SAN DIEGO (KGTV) - Computers have become a lifeline to San Diegans during the pandemic and a new partnership between the city and non-profit San Diego Futures Foundation could make it easier for people in need to get connected.
Executive Director of San Diego Futures Foundation Gary Knight said the need skyrocketed the first three weeks of the shut down in March, "we distributed over half our annual inventory in that three weeks."
That's more than 1,500 computers. The non profit partners with companies like Qualcomm, General Atomics and San Diego County to take on their old computers, refurbish them and connect them with people in need.
City of San Diego Digital Strategy Manager Jen Lebron said 30,000 households don't have a computer, just within the city limits.
Right now that means limited connection to healthcare, education and job seeking material.
"San Diego Futures Foundation has an incredibly broad reach, that way we can get these computers in the hands of students, seniors, veterans, foster families and non profits that really need the help," Lebron said.
Michelle Sanudo recieved a computer from SDFF this month and said it's made her feel independent and successful. She's a single mom who relied on the library to entertain her four and one-year-old children while she worked.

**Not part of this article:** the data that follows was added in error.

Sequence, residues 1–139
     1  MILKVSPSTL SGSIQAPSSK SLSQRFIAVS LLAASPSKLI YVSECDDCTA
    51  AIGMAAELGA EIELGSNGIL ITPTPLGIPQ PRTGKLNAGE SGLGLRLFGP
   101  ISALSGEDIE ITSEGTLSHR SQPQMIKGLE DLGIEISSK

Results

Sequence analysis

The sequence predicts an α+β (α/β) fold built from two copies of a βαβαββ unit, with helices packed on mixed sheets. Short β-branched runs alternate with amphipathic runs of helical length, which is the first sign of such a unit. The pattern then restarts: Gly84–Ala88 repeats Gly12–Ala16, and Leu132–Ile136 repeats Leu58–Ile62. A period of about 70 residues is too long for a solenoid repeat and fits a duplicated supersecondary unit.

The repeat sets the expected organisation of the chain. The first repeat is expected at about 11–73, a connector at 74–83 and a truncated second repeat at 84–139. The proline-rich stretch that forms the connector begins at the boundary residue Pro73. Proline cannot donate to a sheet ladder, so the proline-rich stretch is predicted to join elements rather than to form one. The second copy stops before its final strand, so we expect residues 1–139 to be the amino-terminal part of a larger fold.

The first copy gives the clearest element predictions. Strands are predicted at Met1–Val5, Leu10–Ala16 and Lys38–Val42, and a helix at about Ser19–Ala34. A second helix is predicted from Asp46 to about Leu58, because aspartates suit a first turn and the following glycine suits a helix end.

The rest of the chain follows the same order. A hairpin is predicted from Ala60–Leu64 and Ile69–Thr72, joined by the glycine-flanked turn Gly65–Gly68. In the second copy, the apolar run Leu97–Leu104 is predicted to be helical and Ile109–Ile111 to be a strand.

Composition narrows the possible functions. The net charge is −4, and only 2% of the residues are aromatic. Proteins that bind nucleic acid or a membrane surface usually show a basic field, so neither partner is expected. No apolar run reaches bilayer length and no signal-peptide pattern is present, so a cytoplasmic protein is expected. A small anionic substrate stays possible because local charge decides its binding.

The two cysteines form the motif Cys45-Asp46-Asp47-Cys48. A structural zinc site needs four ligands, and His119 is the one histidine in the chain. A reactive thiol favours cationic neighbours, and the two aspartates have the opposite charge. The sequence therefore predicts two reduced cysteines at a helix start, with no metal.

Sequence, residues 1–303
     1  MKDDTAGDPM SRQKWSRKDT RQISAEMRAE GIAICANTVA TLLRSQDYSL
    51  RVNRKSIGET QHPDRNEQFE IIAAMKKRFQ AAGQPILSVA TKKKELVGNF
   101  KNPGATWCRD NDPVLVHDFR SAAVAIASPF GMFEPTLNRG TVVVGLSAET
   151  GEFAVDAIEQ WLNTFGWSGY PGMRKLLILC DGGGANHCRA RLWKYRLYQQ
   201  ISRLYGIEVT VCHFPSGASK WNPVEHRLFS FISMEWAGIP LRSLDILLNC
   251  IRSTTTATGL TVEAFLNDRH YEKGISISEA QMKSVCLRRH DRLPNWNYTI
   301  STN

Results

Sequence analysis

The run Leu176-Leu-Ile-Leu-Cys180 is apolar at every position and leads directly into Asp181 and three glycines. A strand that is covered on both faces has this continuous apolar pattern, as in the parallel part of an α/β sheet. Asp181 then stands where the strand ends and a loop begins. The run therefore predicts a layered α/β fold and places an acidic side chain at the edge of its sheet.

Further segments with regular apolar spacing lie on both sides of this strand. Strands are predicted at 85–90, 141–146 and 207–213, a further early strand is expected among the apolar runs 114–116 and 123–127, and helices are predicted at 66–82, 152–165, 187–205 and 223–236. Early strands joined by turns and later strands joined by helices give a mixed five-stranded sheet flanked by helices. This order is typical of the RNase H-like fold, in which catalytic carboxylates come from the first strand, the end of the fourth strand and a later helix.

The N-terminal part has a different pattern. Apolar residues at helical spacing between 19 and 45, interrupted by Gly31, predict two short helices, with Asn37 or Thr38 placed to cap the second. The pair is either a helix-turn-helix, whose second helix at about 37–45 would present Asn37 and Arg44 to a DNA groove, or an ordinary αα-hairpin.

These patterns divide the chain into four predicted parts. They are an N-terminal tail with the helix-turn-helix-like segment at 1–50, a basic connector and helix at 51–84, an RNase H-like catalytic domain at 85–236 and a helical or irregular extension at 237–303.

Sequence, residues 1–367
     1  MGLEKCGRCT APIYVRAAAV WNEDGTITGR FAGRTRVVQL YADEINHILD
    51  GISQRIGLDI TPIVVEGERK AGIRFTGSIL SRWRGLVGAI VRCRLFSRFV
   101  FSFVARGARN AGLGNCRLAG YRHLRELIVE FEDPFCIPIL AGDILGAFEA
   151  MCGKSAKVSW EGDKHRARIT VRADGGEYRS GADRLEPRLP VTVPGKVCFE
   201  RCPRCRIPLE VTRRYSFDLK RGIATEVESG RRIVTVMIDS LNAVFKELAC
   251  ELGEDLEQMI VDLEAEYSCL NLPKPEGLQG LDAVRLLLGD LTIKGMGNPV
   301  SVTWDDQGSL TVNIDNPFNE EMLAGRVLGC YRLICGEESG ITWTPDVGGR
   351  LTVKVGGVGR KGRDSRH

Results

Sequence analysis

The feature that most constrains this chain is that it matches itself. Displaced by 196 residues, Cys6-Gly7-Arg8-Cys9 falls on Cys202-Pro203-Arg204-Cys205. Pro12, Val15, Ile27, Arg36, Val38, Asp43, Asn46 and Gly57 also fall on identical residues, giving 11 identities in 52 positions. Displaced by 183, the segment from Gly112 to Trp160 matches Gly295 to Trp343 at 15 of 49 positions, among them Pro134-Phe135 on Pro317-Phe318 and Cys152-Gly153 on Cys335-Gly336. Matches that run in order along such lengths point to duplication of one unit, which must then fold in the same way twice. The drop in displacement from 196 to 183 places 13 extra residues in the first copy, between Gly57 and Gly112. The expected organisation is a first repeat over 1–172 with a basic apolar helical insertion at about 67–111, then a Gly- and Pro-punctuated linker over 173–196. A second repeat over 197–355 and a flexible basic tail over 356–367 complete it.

"Really it was kind of like a sanctuary, I would get to do my paperwork for school, also apply for jobs," Sanudo said.
"When they closed the libraries that's when it hit me." She said the computer allows her to order groceries so she can keep her family safe during the pandemic and pursue her dream of becoming a medical assistant.
As the need for computers continues in San Diego and SDFF's inventory wanes, they need more donations. That's where the city is stepping in.
For the past year the city has been vetting the non profit. Wednesday the City Council Economic Development and Intergovernmental Relations Committee unanimously approved the partnership.
Now it must go before the full council to receive approval. The item is on the docket for Tuesday, the 21st.
"We are ready with nearly 2,300 computers that we can give to San Diego Futures Foundation." Lebron said these computers have been stockpiled, in hopes of being used to better the community.
If approved, the city would hand over the stockpile and have about 800 computers each following year to supply SDFF.
Those computers could be in the hands of people like Sanudo by mid-August.
"We're not going to see this disappearing, the need for this is going to stay at a very high rate for a while," Knight said as we head toward the school year.
If you would like to donate your computer to SDFF, please call and make an appointment to do a drive by drop off.